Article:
Redstone's version 2.0: Content also rules digital

Exec touts his firms' online savvy

Meet the next hot digital media entrepreneur: Sumner Redstone.

The Viacom and CBS Corp. chairman Thursday applied one of his old industry mantras to the new-media space in a speech at the Dow Jones/Nielsen Co. Media and Money conference titled "In the Digital Domain, Content Still Rules."

Among other things, Redstone touted his companies' strong online reach compared to recent phenomenons like Facebook and their growing advertising revenue coming from cross-platform deals.

While Viacom has sued Google's YouTube, Redstone also called on media companies "to make it easy for consumers to obtain our content in a legal manner," adding that content producers "cannot let the lack of perfect anti-piracy tools keep us from forging ahead in providing the best, most innovative, creative content to the consumer over whatever medium they prefer."

In his keynote, Redstone started with some giggles as CBS president and CEO Leslie Moonves and Viacom president and CEO Philippe Dauman watched their boss from the front row.

"I do not pretend to be a technology maven," Redstone said, earning laughs. "I'm not an early adopter. In fact, I have reached the point in my life that I can best be described as a non-adopter. I don't ping people with e-mails, I don't blog or twitter, and I won't be texting any of you anytime soon."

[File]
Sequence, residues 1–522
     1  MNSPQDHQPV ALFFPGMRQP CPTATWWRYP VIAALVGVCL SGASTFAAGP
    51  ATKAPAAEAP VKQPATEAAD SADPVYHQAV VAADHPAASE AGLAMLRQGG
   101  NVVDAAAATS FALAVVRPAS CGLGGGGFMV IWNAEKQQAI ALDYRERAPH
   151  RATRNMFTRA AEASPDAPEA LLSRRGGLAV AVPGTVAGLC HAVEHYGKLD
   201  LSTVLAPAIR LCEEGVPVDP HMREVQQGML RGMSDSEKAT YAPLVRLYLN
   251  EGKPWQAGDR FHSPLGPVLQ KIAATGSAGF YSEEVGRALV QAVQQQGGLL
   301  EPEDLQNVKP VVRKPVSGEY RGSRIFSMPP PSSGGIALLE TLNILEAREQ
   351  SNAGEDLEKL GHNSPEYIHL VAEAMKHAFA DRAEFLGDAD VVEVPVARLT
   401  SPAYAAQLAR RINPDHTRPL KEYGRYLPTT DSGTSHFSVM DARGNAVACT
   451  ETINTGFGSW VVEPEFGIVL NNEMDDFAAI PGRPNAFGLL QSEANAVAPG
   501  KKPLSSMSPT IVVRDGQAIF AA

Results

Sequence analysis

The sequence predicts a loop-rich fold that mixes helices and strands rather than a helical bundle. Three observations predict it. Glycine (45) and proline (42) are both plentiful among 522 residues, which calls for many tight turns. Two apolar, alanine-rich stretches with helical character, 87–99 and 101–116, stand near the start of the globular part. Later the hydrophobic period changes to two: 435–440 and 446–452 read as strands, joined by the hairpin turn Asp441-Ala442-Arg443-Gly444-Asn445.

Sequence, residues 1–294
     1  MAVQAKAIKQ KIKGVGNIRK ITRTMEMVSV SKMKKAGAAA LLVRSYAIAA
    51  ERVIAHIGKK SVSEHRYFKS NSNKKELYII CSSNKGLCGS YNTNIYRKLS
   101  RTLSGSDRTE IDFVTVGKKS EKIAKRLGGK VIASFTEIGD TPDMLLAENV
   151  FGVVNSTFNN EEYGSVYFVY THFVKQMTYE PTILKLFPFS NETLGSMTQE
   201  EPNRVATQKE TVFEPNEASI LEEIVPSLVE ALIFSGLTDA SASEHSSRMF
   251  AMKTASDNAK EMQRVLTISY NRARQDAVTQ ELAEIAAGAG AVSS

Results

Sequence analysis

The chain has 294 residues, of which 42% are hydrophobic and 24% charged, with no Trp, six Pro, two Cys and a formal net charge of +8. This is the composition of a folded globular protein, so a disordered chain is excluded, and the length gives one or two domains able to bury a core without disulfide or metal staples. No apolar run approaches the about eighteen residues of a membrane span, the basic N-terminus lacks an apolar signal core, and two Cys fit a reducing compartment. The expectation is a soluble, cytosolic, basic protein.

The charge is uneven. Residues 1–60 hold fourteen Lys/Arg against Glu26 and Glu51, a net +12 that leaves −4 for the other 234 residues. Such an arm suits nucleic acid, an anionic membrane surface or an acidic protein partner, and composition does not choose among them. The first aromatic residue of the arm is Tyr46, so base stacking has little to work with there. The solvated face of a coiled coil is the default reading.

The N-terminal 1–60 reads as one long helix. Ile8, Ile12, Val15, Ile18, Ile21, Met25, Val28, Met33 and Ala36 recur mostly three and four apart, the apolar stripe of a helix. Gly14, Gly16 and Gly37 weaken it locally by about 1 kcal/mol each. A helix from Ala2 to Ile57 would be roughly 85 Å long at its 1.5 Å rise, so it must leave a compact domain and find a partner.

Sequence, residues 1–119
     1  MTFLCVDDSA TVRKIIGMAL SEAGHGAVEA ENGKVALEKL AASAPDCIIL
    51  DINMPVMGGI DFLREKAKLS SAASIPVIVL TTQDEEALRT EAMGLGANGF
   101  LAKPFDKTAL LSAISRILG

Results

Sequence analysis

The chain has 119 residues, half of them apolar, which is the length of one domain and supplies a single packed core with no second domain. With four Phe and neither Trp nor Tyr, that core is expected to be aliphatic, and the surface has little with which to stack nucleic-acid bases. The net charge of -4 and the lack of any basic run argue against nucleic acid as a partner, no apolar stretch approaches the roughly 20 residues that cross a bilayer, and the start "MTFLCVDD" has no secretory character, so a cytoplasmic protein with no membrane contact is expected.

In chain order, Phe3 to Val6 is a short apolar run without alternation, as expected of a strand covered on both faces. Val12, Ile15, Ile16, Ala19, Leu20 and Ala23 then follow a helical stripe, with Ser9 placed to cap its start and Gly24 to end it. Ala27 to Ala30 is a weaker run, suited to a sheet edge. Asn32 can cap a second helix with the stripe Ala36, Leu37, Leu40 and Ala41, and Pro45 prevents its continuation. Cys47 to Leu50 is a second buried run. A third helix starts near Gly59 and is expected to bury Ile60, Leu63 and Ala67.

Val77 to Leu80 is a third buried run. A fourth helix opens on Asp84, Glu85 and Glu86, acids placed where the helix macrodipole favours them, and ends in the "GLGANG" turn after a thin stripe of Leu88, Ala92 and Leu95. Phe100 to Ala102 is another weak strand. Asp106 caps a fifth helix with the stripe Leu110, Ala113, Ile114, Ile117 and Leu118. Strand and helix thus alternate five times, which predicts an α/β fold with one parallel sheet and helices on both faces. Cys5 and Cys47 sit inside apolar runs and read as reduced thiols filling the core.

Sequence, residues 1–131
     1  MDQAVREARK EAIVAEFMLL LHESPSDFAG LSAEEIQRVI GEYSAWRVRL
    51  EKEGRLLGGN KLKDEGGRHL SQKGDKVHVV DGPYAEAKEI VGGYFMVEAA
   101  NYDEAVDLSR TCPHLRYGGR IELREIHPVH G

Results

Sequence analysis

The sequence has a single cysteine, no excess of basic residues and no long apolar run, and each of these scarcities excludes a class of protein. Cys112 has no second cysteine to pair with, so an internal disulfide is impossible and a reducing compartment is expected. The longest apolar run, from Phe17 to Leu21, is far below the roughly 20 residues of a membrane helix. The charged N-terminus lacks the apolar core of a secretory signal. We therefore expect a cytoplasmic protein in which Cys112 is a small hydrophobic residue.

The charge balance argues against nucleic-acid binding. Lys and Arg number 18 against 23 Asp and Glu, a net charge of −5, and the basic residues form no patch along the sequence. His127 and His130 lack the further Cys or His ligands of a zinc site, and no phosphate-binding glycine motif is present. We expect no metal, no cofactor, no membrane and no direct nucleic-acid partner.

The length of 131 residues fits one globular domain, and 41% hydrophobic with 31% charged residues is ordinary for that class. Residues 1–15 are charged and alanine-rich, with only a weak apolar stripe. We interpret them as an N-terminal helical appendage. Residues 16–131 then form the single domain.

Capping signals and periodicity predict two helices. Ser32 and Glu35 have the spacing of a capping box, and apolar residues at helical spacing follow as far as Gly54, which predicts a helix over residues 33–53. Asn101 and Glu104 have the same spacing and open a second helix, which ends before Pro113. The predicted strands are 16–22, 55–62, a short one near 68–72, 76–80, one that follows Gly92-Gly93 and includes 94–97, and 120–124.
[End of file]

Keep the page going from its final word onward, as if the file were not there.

Redstone argued four key points for media and entertainment folks during the rest of his speech and said Viacom and CBS have done well keeping them in mind:

Consumers have taken charge, and there is no going back, so content providers must keep bringing their offerings to all platforms.

"Advertising will 'pay' the way — even on the Internet," and so-called old-media companies have a chance to benefit if they play things right.

Global growth opportunities are increasingly a two-way process as U.S. content goes overseas and vice versa and U.S. media companies invest in indigenous programming overseas.

"Copyright is even more right in the digital age."

Redstone argued that with consumers having taken charge in the digital age, content must be "viral, ubiquitous and easy to use."

And with 500 channels and 8 billion Web sites out there, "digital means dollars for those with the best content," he said.

Redstone lauded Viacom for being the biggest producer of mobile content in the world and said the firm's Internet portfolio has about 92 million visitors per month worldwide. "That's double Facebook's user base and lands us in the top 10 list of Internet destinations," he touted. "Of those 10, only Wikipedia is growing faster."

He also lauded CBS for recently creating the CBS Audience Network, which, Redstone touted, reaches 90% of Web users.

On the topic of advertising, Redstone said media and entertainment companies also have great opportunity, despite a move to the Web. After all, "advertisers are not simply shifting dollars to digital, they are pursuing multiplatform, convergent marketing partnerships," he said.

CBS Corp. and Viacom have overhauled their ad sales organizations to serve that need. At Viacom, nearly 40% of all ad deals are now "convergent" deals, Redstone said.
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